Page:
So now comes my return to Europe. My European friends knew me in ways others don’t we could make jokes, make references, share known experiences that were so formative in my/our growth. 

Now, this past weekend, I had a very strange Easter weekend. Strange because I had an Easter weekend, which I never had before. It started with an invitation from dear old friend of mine I had not seen in about 15 years. (I had saw her recently for a dinner at a mutual friend (whom I also hadn’t seen in 20 years—but back to our story). I jumped at the invitation because I really enjoyed seeing her again.  Before I left for the weekend, my Italian teacher was passing out easter eggs (a kind of oversized egg shaped chocolate) and she asked me, “When was the last time you got an easter egg.” And I said, ’Never.’ Which struck her as quite odd. I guess not only have I moved to a catholic country but also I made another digression….

I spent the weekend with my friend Claudia and then I met her son whom I had not seen since he was 6 and was now 21. We were accompanied by another friend I had seen in a while. I had a marvelous time at the entire weekend (they were not religious so the Easter celebration was more a conglomeration of culinary traditions tied with the spiritual intent of what the religious holiday stood for if not its religious content. Sadly, that meant i could forget about cutting back on sugar that weekend.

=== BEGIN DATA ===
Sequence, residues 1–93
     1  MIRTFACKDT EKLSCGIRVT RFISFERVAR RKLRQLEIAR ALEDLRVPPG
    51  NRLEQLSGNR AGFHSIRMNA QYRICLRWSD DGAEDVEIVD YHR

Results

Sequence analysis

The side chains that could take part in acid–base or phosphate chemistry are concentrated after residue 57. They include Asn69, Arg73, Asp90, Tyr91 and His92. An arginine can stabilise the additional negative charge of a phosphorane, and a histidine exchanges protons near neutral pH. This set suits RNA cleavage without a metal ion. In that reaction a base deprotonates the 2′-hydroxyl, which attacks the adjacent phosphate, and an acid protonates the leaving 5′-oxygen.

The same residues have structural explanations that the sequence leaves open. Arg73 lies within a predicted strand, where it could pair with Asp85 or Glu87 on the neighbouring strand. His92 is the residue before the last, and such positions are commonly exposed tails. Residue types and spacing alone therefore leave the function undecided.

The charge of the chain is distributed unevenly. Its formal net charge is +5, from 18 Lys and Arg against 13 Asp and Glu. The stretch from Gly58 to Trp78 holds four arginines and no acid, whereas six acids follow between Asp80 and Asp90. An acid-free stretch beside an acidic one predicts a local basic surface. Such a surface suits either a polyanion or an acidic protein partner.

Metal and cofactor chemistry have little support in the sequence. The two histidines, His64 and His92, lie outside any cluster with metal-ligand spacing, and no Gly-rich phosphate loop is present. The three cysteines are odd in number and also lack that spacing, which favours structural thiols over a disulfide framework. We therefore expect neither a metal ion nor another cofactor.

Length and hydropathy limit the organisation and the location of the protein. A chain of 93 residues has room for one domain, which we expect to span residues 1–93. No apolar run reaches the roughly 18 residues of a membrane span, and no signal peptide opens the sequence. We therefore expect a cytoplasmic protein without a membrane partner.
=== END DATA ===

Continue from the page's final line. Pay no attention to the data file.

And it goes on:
We also were in the city of Varese which is near Switzerland and so we made some marvelous hikes in the mountains and explored an old convent turned into a village, Sacro Monte di Varese.

Most importantly, it was a small group so we embraced the intimacy and spoke our hearts, just as if we were talking yesterday on my house Hugo de Grootkade over a cup of espresso made from my Rancilio Silvia. It makes me nostalgic for Hugo de Grootkade for those who don’t know it here are some picture of it.

On the way home from the weekend, I had some strange sense of euphoria and the only way I could describe was this feeling like returning home after a long Odyssey. It was then I became aware of the double life I had. I didn’t lead a double life but I had parallel ones where one ended another took over. It is so strange that I have now met a half a dozen friends I had not seen in well over a decade and we were talking like we just saw each other yesterday.

I have this profound sensation that I have given myself the best present of my entire life by moving back to Europe. And yet I have left so much behind, SF was home too for a while, but in America I always felt out of synch with the country and now I have a new feeling of belonging—the same one I last felt around 2000. I can’t say 2002-2021 was a long stretch of a bitter winter because this time include the love of my life, the happiest years of being in a relationship with Morris Taylor. It includes also my closest friend, Larry. But yet I can’t escape this feeling of somehow taking a running jump in 2000 and now finding myself here in 2022. How? Or How strange.

Bologna, 19 April.